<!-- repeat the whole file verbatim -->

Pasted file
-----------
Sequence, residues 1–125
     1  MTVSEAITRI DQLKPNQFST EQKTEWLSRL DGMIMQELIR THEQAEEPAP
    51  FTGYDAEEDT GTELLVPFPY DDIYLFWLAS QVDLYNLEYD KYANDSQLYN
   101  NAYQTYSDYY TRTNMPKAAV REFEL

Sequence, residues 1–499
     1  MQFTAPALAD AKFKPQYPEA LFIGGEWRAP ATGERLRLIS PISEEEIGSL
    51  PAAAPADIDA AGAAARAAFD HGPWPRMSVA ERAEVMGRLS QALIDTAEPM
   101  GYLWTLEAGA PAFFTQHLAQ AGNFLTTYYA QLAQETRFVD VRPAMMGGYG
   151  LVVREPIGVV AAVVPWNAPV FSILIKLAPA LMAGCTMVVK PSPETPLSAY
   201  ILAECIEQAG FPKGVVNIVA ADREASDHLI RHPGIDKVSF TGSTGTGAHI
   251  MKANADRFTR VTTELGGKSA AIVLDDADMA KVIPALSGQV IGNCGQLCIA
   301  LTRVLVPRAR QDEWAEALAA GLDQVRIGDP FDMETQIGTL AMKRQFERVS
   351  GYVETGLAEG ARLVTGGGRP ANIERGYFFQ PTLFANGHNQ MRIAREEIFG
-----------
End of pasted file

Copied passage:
Sequence, residues 1–125
     1  MTVSEAITRI DQLKPNQFST EQKTEWLSRL DGMIMQELIR THEQAEEPAP
    51  FTGYDAEEDT GTELLVPFPY DDIYLFWLAS QVDLYNLEYD KYANDSQLYN
   101  NAYQTYSDYY TRTNMPKAAV REFEL

Sequence, residues 1–499
     1  MQFTAPALAD AKFKPQYPEA LFIGGEWRAP ATGERLRLIS PISEEEIGSL
    51  PAAAPADIDA AGAAARAAFD HGPWPRMSVA ERAEVMGRLS QALIDTAEPM
   101  GYLWTLEAGA PAFFTQHLAQ AGNFLTTYYA QLAQETRFVD VRPAMMGGYG
   151  LVVREPIGVV AAVVPWNAPV FSILIKLAPA LMAGCTMVVK PSPETPLSAY
   201  ILAECIEQAG FPKGVVNIVA ADREASDHLI RHPGIDKVSF TGSTGTGAHI
   251  MKANADRFTR VTTELGGKSA AIVLDDADMA KVIPALSGQV IGNCGQLCIA
   301  LTRVLVPRAR QDEWAEALAA GLDQVRIGDP FDMETQIGTL AMKRQFERVS
   351  GYVETGLAEG ARLVTGGGRP ANIERGYFFQ PTLFANGHNQ MRIAREEIFG